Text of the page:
At 45° South Central Otago is the world’s southernmost wine region. The vineyards are also the highest in New Zealand, located around 300 - 400 metres above sea level among spectacular alpine scenery rising to over 3700m.
Although small, Central Otago is a rapidly developing wine region with a swiftly growing international reputation for great Pinot noir wines. More than 70% of the vineyard area in Central Otago is dedicated to Pinot Noir, with smaller plantings of Chardonnay, Pinot Gris and Riesling.
Vignerons claim Central Otago has many similarities with Burgundy, the French home of Pinot Noir. The climate is continental, with cold winters and hot, short summers with cool nights that help preserve fresh fruit flavours and acidity in Pinot Noir fruit. Frost is a major threat but disease pressure tends to be low. Soils are free-draining loess and gravel over schist with low organic matter.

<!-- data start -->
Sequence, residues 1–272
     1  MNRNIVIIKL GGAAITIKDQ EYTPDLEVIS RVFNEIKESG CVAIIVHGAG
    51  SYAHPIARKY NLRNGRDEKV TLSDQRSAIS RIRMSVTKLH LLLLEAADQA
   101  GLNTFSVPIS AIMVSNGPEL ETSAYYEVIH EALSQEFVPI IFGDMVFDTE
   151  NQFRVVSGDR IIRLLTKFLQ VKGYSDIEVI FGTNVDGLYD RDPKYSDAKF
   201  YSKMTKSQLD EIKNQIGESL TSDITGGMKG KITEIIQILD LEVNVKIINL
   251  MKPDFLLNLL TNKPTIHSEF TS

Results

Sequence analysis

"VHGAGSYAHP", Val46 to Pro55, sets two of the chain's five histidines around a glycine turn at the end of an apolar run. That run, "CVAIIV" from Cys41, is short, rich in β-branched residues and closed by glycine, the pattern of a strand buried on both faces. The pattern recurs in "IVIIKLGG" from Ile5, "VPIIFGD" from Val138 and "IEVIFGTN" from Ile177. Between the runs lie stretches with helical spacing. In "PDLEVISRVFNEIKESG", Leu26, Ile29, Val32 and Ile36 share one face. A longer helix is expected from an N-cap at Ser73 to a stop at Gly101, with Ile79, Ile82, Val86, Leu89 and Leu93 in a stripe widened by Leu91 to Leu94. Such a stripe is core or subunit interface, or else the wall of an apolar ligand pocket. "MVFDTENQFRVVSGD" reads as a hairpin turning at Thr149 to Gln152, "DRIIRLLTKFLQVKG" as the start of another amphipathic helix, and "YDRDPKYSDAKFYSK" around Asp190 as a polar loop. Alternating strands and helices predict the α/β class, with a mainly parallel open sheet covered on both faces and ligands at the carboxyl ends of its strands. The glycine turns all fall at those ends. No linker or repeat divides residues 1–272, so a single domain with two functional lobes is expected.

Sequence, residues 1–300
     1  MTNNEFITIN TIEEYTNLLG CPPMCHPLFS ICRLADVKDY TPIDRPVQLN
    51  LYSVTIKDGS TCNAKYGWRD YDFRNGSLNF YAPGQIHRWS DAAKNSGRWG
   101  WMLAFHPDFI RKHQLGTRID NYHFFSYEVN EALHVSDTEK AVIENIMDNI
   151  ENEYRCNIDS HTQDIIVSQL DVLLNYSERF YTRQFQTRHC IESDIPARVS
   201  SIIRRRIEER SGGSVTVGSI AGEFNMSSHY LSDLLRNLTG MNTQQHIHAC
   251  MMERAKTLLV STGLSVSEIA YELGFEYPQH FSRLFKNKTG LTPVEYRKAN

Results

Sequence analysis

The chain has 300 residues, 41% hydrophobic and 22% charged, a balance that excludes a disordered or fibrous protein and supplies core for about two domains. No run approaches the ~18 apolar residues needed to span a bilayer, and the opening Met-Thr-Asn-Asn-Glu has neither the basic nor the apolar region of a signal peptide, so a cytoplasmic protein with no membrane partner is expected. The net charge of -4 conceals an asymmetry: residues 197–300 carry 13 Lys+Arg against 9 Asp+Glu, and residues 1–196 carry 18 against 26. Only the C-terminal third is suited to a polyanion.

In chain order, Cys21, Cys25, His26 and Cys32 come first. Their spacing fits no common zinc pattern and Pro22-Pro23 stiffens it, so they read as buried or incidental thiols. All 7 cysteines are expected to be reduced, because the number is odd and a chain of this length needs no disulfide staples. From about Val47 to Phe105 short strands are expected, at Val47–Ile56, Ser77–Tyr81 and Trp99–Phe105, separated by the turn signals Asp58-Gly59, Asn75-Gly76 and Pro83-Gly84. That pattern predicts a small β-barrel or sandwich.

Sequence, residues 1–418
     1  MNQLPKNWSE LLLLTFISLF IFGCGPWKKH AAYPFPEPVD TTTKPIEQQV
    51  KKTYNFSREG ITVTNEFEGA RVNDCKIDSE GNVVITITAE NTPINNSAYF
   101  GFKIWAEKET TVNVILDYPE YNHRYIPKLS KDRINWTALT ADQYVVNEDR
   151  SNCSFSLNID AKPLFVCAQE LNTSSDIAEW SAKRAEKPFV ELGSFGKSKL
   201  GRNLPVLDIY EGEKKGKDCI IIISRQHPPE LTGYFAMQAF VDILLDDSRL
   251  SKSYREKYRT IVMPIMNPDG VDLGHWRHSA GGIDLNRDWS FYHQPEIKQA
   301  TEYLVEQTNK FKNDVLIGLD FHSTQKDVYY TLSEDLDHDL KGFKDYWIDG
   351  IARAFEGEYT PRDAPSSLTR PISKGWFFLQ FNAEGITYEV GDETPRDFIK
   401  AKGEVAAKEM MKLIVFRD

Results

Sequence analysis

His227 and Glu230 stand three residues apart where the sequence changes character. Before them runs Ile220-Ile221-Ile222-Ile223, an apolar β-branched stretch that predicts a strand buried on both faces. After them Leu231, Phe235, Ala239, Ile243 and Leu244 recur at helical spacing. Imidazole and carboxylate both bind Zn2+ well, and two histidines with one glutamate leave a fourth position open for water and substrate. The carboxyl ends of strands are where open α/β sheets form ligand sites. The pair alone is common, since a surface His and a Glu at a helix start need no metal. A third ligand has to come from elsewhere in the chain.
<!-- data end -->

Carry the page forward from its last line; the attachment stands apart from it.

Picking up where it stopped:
The region is noted for great variation in sub-regions and vineyard sites and mesoclimates are heavily affected by the mountainous terrain.
Like many wine regions in Australia and New Zealand the lure of gold brought the first Europeans and, although vines were first planted in the late 19th Century, a viable wine industry did not emerge until the 1980s.
A tourism destination in its own right thanks to the dramatic scenery and first-rate wine and food culture, Central Otago is close to Queenstown, a major adventure tourism centre with excellent ski fields.